Spatial Epidemiology Lab

Université Libre de Bruxelles

Spatial epidemiology studies the effect of spatial factors on the emergence, spread, persistence and evolution of diseases and invasive species. The understanding of key spatial factors, such as environmental or anthropogenic variables, and their integration into spatial models is used to predict the geographical distribution of risk, which can contribute to better targetted prevention, surveillance and control measures. We also work toward the improvement of methods in spatial modelling and landscape phylogeography, and of large-scale data sets on farm animals.


New study on evidence of cross‑channel dispersal into England of the forest pest Ips typographus

On March 19 2024 by Jean-Claude Grégoire

In 2018, for the first time in the British history, reproducing populations of the spruce bark beetle Ips typographus, the most damaging pest in Europe, were found in Kent, in southern England. Our study, carried out with Forest Research in Britain, relied on networks of pheromone traps deployed from an outbreak hotspot in the French and Belgian Ardenne to the English coast. We show that, contrary to the hypothesis that the pest entered Britain with infested wood, the insects managed to fly over the English Channel. Read more...

New study on the contribution of climate change to the spatial expansion of West Nile virus in Europe

On February 13 2024 by Diana Erazo & Simon Dellicour

Our new study on the contribution of climate change to the spatial expansion of West Nile virus in Europe has been published in Nature Communications. West Nile virus (WNV) is an emerging mosquito-borne pathogen in Europe where it represents a new public health threat. While climate change has been cited as a potential driver of its spatial expansion on the continent, a formal evaluation of this causal relationship is lacking. Here, we investigate the extent to which WNV spatial expansion in Europe can be attributed to climate change while accounting for other direct human influences such as land use and human population changes. Read more...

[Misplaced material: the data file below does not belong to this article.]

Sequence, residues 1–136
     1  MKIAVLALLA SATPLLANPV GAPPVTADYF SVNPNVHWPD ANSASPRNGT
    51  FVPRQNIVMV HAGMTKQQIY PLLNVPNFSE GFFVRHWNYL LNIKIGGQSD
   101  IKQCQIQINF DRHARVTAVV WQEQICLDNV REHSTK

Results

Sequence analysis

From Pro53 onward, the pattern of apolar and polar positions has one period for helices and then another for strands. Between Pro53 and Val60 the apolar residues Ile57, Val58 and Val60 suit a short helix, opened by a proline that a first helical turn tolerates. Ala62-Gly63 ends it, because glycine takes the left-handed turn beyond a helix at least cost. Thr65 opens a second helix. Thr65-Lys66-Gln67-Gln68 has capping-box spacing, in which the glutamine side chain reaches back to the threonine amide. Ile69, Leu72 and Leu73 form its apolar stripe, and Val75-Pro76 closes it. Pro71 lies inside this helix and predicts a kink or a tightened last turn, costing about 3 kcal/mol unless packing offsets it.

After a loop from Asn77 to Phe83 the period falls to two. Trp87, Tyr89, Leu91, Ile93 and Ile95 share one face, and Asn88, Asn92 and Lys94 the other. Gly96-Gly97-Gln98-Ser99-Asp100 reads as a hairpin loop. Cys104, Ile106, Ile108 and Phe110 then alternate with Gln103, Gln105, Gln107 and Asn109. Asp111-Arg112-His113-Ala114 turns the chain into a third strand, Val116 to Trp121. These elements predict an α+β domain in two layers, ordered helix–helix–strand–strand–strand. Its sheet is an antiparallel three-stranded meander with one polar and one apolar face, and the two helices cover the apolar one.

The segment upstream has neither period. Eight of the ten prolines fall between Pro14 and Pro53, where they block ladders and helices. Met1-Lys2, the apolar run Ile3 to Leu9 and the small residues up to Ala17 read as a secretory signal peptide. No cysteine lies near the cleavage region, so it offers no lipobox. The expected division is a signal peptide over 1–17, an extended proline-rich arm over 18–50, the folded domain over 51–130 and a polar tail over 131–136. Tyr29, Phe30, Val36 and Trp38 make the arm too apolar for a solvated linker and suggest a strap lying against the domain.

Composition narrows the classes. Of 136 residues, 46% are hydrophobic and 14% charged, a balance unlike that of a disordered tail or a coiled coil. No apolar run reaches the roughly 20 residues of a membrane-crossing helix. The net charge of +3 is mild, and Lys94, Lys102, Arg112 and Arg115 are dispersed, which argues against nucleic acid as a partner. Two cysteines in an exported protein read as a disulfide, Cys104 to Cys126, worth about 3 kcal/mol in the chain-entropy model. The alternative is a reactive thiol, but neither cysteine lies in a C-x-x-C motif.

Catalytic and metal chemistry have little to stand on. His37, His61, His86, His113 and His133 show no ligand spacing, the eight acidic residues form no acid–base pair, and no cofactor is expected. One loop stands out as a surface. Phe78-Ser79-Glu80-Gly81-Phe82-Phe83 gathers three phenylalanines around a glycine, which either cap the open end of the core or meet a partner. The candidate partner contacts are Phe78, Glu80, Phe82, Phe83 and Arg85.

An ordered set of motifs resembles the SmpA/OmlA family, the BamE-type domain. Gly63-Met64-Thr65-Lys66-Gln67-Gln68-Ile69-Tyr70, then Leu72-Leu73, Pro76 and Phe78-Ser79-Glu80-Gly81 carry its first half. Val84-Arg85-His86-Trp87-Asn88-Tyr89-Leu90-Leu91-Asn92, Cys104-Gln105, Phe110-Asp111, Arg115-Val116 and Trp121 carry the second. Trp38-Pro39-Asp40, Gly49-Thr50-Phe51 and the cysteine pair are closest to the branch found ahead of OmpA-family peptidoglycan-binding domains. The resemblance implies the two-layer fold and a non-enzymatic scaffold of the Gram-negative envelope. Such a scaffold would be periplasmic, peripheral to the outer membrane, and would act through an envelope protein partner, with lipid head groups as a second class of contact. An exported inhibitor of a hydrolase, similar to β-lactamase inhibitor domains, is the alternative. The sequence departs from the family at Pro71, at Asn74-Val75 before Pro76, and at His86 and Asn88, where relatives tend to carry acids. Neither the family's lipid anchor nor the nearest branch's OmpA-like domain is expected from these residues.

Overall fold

New study on the dispersal and human-fish host switching history of Streptococcus agalactiae ST283

On October 04 2023 by Dan Schar and Simon Dellicour

Fish consumption-associated outbreaks of Streptococcus agalactiae (group B Streptococcus; GBS) sequence type (ST) 283 in Asia have drawn attention to GBS ST283 as an emerging foodborne pathogen capable of generating disease in the general population. To inform public health interventions, researchers gathered 328 whole genome sequences collected from humans and fish between 1998 and 2021 across eleven countries spanning four continents, applying Bayesian modeling to reconstruct the evolutionary history of ST283, host transitions and geographic dispersal. Read more...

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Research topics

Landscape phylogeography

Spatially-explicit phylogeographic analyses can be used to introduce phylogenetic trees in a geographic context. Over the last years, we started exploiting such spatially-annotated trees to investigate the impact on environmental factors on the dispersal history and dynamic of viral lineages (dispersal velocity, dispersal direction and dispersal frequency). Furthermore, we also aim to use phylogeographic reconstruction to assess hypothetical intervention strategies in the context of viral epidemics.

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Livestock diseases and mapping

Our research mainly deal with the spatial epidemiology of avian influenza (AI) at different spatial scales, with particular emphasis on on the role of agro-ecological factors on the emergence, spread and persistence of AI viruses. Over the years, we have also been involved in research on other important livestock diseases such as bluetongue, bovine tuberculosis, foot and mouth disease, porcine reproductive and respiratory syndrome, and Nipah virus infections. In addition, we also have research projects to better map the distribution of livestock production at a global scale.

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Modelling geographical invasions

Invading organisms spreading though a heterogeneous landscape are difficult to study using conventional statistical models. We aim to develop new methodology to study those type of data, to review existing methods, and to compare all methods in their capacity to detect the influence of landscape heterogeneity on the pattern of spread.

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